J. Charles Cohen, Plaintiff-appellant, v. S/s Consumer, Her Engines, Boilers, Tackle, Appurtenance,etc., in Rem and Sea-land Service, Inc., Inpersonum, Defendants-appellees, 746 F.2d 1069 (5th Cir. 1984)

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US Court of Appeals for the Fifth Circuit - 746 F.2d 1069 (5th Cir. 1984) Nov. 19, 1984

Newton B. Schwartz, Harold L. Sosebee, Jr., Houston, Tex., for plaintiff-appellant.

Eastham, Watson, Dale & Forney, Joseph Newton, Houston, Tex., for defendants-appellees.

Appeal from the United States District Court for the Southern District of Texas.

Before GEE, JOHNSON, and DAVIS, Circuit Judges.

JOHNSON, Circuit Judge:


J. Charles Cohen appeals the granting of summary judgment in favor of Sea-Land Services, Inc. (Sea-Land), on the issue of Sea-Land's liability for double wage penalties under 46 U.S.C. § 596. Cohen argues that a check issued by Sea-Land which was lost by Cohen did not constitute payment of wages under Section 596; thus, the double wage penalty provision of section 596 was triggered. For the reasons stated below, the district court is affirmed.I. Facts

The pertinent facts are not in dispute. J. Charles Cohen, the appellant, was a crew member on board the S/S CONSUMER from November 24, 1982, to January 17, 1983. Sea-Land Service, Inc., (Sea-Land) the appellee, owns the CONSUMER. At issue in this lawsuit is a paycheck issued and delivered by Sea-Land to Cohen on December 31, 1982, in the net amount of $550.1  This check represented wages earned through that date on that part of the voyage. The check was issued pursuant to a collective bargaining agreement between Sea-Land and the Seafarers International Union which requires payment of wages on December 31 for income tax purposes. Cohen received payment for the remainder of the voyage upon his discharge from the CONSUMER.

While the CONSUMER was in port at Rotterdam in early January, Cohen went ashore with the check in his possession. Cohen went to a bar where he eventually ran out of cash. He left his unendorsed paycheck with the owner of the bar, and told him to "deduct whatever I owe you out of it." Cohen stated that he had intended to return to the bar the next day to pay the bar owner, but the CONSUMER sailed before he had the chance to return to the bar and retrieve the check.

Cohen attempted to retrieve or replace the check on several occasions. While the voyage was still underway, phone calls and telexes were sent from the ship to Sea-Land's Rotterdam agent in an attempt to retrieve the check or to have it cashed, the debt paid, and the difference sent to Cohen. Upon arrival in Houston at the end of the voyage, Cohen spoke with a Sea-Land agent at Morgan's Point. He explained his problem and asked the agent to stop payment on the original check and issue him a second check to replace it. The agent at least agreed to take it up with the paymaster, according to Cohen's deposition testimony. Three weeks later, the Sea-Land agent spoke with a union official, Joe Perez, who was calling on Cohen's behalf. The agent stated that he was told not to stop payment on the original check and not to issue a new one. Sea-Land admits that the check never resulted in any transfer out of Sea-Land's bank account.

Cohen filed a complaint under 46 U.S.C. § 596 in district court, alleging that Sea-Land "withheld" $839 from his wages on or about January 17, 1983, the date of his second paycheck.2  Cohen also demanded Sea-Land pay the double wage penalty for "withholding of wages from a seaman without sufficient cause." 46 U.S.C. § 596.3  The day the complaint was filed, Sea-Land paid $839 into the Registry of Court.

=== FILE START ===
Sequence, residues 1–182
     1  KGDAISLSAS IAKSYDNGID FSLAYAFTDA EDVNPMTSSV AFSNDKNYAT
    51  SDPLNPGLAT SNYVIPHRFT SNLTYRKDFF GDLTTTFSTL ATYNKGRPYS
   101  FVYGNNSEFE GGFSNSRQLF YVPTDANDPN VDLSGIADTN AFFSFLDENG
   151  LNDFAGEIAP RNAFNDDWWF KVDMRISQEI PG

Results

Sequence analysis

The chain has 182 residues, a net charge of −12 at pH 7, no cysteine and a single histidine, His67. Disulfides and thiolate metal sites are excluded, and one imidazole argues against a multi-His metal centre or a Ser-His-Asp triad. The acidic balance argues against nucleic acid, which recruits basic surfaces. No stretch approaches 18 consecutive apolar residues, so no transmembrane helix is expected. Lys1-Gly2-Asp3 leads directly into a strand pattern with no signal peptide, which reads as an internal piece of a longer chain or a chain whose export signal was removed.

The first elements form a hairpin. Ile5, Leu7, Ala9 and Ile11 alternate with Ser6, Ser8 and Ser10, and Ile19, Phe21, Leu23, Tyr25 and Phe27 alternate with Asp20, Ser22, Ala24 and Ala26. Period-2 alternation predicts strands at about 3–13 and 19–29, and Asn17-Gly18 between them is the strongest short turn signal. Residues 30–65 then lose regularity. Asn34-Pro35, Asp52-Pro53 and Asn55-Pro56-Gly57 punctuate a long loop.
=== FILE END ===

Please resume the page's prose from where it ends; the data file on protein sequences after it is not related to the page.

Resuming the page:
Sea-Land filed a motion for summary judgment with respect to its liability beyond $550, the net amount of the paycheck. The district court granted Sea-Land's motion, entering a $550 judgment for Cohen and summary judgment for Sea-Land on the double wage penalty claim. Cohen filed notice of appeal in a timely manner.

II. The Check Constituted Payment Under Section 596

Cohen appeals the granting of Sea-Land's motion for summary judgment. It is proper for the district court to grant such a motion "only when there is no genuine issue of material fact." Domangue v. Eastern Air Lines, Inc., 722 F.2d 256, 259 (5th Cir. 1984). Considering the evidence in the light most favorable to Cohen, McPherson v. Rankin, 736 F.2d 175, 177-78 (5th Cir. 1984), there are no genuine issues as to the material facts. Sea-Land concedes the check was never paid and that it did not issue a replacement check. Cohen does not dispute the circumstances surrounding his loss of the check. Thus, there being no genuine issue as to any material fact, the question becomes whether Sea-Land "is entitled to a judgment as a matter of law," with respect to its liability beyond the $550 judgment. Fed. R. Civ. P. 56(c). McPherson v. Rankin, 736 F.2d at 178.

The district court concluded that the facts in this case did not trigger the double wage penalty in section 596. This Court agrees. Because Sea-Land's check to Cohen constitutes payment for purposes of section 596, the double wage penalty provision of section 596 is inapplicable.

The double wage penalty provision of section 596 provides:

Every master or owner who refuses or neglects to make payment in the manner hereinbefore mentioned without sufficient cause shall pay the seaman a sum equal to two days' pay for each and every day during which payment is delayed....

46 U.S.C. § 596.

In order for this double wage penalty to be invoked, two requirements must be met: (1) the master or owner of the vessel must have refused or failed to pay the seaman his wages within the periods specified, and (2) this failure or refusal must be without sufficient cause. If these requirements are met, the penalty is mandatory for each day wages are withheld. Griffin v. Oceanic Contractors, Inc., 458 U.S. 564, 570, 102 S. Ct. 3245, 3250, 73 L. Ed. 2d 973 (1982).

Cohen argues that mere delivery of the check did not constitute payment.4  Sea-Land argues that its payment by check to Cohen on December 31, 1982, was "payment" within the time limits specified in the statute. In the limited context of the facts in the instant case, this Court holds that Sea-Land's check to Cohen constituted "payment" for the purposes of section 596.